17/02/2014 Newsnight


Who knows best on floods - scientists or politicians? What happens when your welfare is stopped? North Korea atrocities. Scotland and the EU. David Bailey.

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Who knows best when trying to protect Britain from adverse


weather. The media, the people whose homes have been wrecked or the


Government. There is a substantial number of right-wing MPs who are


privately climate sceptical, and who are even more sceptical about the


spending of money to deal with the problem. Also tonight this:


With the social services I need to have food in, and I need a separate


bed for my child. What happens when benefit claimants break the rules


and the Government stops their money?


David Bailey will be taking me around his exhibition of the


National Portrait Gallery, a few of his many millions of snaps he's


putting on display for the first time. Snaps? Snaps, is can he do


that again! ? Good evening. I will make sure we learn all the lessons,


it is what a politician usually says when he or she has made mistakes.


David Cameron promised that today while visiting another flood-hit


areas, while announcing a fund for businesses who have had a


significant loss of trade from all the bad weather. Politicians from


every party have been rushing to show their best plans so it doesn't


happen again. We track the course of the River Thames in search of the


lessons the politicians should be learning. What's normally a trickle


is now a river. What's normally a river resembling a lake. Stubborn


water with nowhere to go, and everywhere it is not wanted.


But if the country's journey through weeks of flooding will change


anything, this is where it begins. You can even see bubbles coming up


to the surface as the water comes above ground for the first time. And


it might not look like much, but this stone marks the start of the


River Thames. This isn't just another flooded field, but the


beginning of a river that has caused such chaos for thousands of families


and businesses. An awful lot of political trouble for those 180


miles further along. Nearby the PM is still cramming in


visits after his colleagues spent the start of the crisis pointing


fingers rather than pointing out what might help. Desperate to --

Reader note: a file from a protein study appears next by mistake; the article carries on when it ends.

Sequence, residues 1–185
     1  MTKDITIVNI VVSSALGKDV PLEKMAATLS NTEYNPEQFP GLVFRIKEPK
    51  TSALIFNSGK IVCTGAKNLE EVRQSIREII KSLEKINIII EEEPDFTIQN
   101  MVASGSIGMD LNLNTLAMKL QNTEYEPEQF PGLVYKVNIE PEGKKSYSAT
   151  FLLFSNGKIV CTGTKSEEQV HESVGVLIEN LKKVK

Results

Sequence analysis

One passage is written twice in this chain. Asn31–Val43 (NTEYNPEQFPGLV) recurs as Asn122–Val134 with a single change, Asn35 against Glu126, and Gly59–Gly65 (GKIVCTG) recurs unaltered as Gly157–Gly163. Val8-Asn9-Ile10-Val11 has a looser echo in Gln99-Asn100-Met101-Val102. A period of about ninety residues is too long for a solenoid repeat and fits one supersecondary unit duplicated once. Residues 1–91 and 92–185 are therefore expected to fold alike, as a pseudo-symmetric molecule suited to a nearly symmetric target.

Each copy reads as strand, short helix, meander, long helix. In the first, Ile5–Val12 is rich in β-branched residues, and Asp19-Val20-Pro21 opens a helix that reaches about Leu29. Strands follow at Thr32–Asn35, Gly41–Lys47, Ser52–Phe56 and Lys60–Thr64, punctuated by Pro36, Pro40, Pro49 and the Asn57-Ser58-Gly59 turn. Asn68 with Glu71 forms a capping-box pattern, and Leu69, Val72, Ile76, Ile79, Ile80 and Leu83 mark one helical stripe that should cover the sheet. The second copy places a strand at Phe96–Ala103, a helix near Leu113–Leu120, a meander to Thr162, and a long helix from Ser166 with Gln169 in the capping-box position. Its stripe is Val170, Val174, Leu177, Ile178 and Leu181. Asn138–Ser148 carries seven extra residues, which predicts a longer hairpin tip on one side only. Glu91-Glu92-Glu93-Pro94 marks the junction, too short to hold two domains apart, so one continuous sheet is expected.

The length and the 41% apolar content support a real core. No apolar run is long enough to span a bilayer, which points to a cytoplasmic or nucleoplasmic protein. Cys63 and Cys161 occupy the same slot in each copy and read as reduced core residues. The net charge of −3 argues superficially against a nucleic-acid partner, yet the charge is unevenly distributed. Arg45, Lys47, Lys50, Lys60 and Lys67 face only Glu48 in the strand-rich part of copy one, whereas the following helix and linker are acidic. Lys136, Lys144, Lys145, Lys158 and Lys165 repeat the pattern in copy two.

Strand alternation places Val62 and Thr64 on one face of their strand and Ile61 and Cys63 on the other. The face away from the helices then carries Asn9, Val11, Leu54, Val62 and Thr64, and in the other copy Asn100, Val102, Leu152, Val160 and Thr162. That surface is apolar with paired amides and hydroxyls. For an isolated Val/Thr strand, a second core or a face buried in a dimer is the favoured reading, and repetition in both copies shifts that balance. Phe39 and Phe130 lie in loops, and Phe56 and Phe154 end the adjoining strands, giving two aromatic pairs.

show he knows which ways the wellingtons are pointing. The army


are on the streets and the call has gone out for favourite political


past time, are you ready... There was always time to ask what could be


done, what schemes should be looked at and I will make sure we learn all


the lessons. But if we have had the heaviest rainfall in more than two


centuries is it reasonable, even if feasible, to expect the Government


to defend all our homes using our money? Much, much more than the ?10


million promised for affected firms today. One former minister at the


stable when some spending was cut believes it is. The decision in 2010


to cut flood defences in, in retrospect, clearly a mistake. I


think the Government has to face up to a key role, which is to protect


this as best they can from the natural disasters. The Prime


Minister has gone right to the other extreme by saying money is now no


object. Well it is a shame that there wasn't a bit more money back


in 2010. Spending is now being dragged up, and some of the


environment agencies' efforts have made a difference, they have kept


water from the door but far from making the problem disappear. This


is a part of Gloucester David Cameron didn't visit today. Sandbags


are piled as high as the hip outside every front door. Locals have been


fighting off the water for days. But for many people we have spoken to


the risk isn't just from the rain, it is also from years of bad


political decisions. Flood defence walls were built in people's back


gardens here after 2007. I'm Laura from Newsnight, this must be a


lovely garden without the River Severn. What has happened? It came


to the top of the wall but not over. Richard said the agency and army's


help has been better, it took three days for pumps to arrive. While he's


protecting his 19th century home, he's furious new houses are being


built nearby. Stew pit, this was build in 1851, they didn't know


about things then, we have advanced since then, therefore people know it


floods on the floodthings then, we have advanced since then, therefore


people know it floods on the flood pla they know it and shouldn't be


building. Two thirds of this flood plain is gone, covered in houses


since 1947. Round the corner another local sketched out why he believes


more roads and more houses don't leave enough room for more water. A


lot of it is down to historical Government incompetence. They


allowed the landfill site to the south of us, in excess of 300 acres,


blocking out the whole of the exit of where all the float warders of


1947 went. The problem is that -- flood waters of 1947 went. The


problem is the Government is allowing building on flood plains.


Even though a person who thought the Government have been excellent


thought there was enough. Rivers need to be dredged again, which they


are going to be, very positive, very, very positive. Dredging won't


be reintroduced everywhere, it is expensive and can hurt as well as


help. And senior politicians are now vying to be seen to accept climate


change is part of the problem. The coalition's actual commitment to


following policies that might make a difference have ebbed and flowed at


best. But some senior sceptics have been rather less vocal. So with some


of the wealthiest parts of the south-east under water, a powerful


constituency, is this the moment where Cameron will cleave again to


his original promise, vote blue-go green. I'm surprised that anybody


can really dispute with 98% of climate scientist who is say that


climate change is a reality. Actually even the climate change